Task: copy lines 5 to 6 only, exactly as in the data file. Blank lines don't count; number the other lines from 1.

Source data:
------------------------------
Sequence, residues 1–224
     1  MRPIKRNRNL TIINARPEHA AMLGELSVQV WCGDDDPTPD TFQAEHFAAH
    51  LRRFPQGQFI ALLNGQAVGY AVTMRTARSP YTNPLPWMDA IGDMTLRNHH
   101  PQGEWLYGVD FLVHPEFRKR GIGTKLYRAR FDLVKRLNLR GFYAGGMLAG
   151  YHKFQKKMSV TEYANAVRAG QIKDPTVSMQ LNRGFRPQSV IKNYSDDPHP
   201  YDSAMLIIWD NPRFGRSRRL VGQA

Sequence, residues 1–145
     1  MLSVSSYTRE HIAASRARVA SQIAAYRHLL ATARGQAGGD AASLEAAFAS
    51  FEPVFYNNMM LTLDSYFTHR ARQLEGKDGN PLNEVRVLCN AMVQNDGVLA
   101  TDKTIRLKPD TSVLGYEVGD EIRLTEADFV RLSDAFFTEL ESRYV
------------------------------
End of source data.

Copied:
   151  YHKFQKKMSV TEYANAVRAG QIKDPTVSMQ LNRGFRPQSV IKNYSDDPHP
   201  YDSAMLIIWD NPRFGRSRRL VGQA